Like a surfer quickly coming out of the wave before it closes in on him, the Transmusicales de Rennes held their 43e edition, from 1is to December 5, when a new epidemic wave began to threaten the near future of cultural events. Friday December 3, the I Love Techno festival, scheduled for Pérols (Hérault), from December 10 to 12, announced its postponement (from April 8 to 10). At the same time, that of Eurosonic, a flagship gathering of European music producers scheduled from January 19 to 22, in Groningen (Netherlands), declared that it was renouncing concerts in public. in favor of a streaming edition. This did not prevent the Bretons from celebrating in style.
With 56,000 spectators announced by the organization and two out of three evenings being sold out at the Parc Expo – the place where most of the programming is concentrated – the event regained the momentum of its best years, after having been forced to l ‘cancellation in 2020. “We felt the fervor of the reunion, the excitement of enjoying it when there is still time and also a benevolence specific to moments that are built in adversity. A bit like the 2015 edition which followed the Bataclan attack ”, analyzed, Saturday, December 4, Erwan Gouadec, the delegate director of the festival.
As much as potential last-minute health constraints, it was the cancellations of artist visits that worried the organizers. Faithful to their cosmopolitan habits, the “Trans” welcomed this fall, nearly 80 groups or singers of 34 different nationalities. Only seven names ultimately had to be dropped from the poster. These include South Africans from Urban Village, Australians from Amyl and the Sniffers or English from Wet Leg. In solidarity, the compatriots of the latter, the post-punk Mancuniens of Blanketman, resumed on stage Lounge chair, the irresistible single from their sisters.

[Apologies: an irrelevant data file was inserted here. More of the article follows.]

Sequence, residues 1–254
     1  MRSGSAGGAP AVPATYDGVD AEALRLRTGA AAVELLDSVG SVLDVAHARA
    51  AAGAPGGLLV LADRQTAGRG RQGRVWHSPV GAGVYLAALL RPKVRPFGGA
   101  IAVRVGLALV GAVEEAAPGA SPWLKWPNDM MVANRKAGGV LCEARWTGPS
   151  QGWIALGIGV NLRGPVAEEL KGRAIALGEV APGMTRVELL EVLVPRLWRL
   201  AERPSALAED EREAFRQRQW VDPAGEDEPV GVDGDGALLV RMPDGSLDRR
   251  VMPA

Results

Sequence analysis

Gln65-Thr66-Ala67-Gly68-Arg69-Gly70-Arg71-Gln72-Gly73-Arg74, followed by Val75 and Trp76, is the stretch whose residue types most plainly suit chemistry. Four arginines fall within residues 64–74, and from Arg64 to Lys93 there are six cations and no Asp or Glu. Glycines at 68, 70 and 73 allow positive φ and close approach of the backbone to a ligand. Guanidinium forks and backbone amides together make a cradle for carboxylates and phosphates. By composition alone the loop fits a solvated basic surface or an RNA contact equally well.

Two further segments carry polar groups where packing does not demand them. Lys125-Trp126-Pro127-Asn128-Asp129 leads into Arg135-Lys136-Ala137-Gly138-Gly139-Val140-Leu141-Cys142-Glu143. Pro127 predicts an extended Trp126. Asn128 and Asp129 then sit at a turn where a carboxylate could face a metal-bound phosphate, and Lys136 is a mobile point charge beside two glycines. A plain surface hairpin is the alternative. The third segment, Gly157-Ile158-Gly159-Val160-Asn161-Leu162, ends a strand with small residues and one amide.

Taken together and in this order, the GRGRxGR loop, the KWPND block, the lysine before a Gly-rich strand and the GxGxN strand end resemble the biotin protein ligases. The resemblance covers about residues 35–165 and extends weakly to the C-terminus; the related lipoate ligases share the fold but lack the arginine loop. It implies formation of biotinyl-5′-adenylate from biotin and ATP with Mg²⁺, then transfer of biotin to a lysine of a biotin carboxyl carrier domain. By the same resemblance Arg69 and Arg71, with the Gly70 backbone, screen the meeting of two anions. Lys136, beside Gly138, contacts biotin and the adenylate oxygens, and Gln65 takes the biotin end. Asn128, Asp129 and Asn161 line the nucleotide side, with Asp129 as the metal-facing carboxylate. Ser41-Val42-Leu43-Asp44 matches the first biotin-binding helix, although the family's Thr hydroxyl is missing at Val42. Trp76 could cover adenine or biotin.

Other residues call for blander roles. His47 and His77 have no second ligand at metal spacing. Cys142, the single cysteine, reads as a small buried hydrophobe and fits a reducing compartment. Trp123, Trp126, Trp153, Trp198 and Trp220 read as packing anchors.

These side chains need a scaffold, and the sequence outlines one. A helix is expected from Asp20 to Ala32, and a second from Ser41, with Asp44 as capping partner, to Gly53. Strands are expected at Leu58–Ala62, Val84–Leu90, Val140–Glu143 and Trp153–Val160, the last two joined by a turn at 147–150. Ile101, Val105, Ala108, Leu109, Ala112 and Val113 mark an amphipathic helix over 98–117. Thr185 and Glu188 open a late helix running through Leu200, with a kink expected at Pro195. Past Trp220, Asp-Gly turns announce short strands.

Thirst for sharing encouraged by the context
A wink of good spirit, characteristic of a 2021 vintage dominated by a festive and colorful euphoria, testifying as much to the bias of the artistic directors, Jean-Louis Brossard and Mathieu Gervais, as to a thirst for sharing encouraged by the context : whether it is the New Orleans rock fanfare fantasized by the Londoners of Tankus the Henge and their leader, Jaz Delorean leading his cabaret to the sounds of jazzy brass and funky guitar, closer to the Mississippi than to the Thames or to the 100% feminine vitality of Barcelona women in Maruja Limon. In bright green and turquoise blue shirts, the six Catalans drew their energy from the dynamics of flamenco, the solar impulses of Latin rock, crossed by funk and Cuban sound. Powerful women who seem to have escaped from an Almodovar film, they seized the Bretons so as not to let them go.
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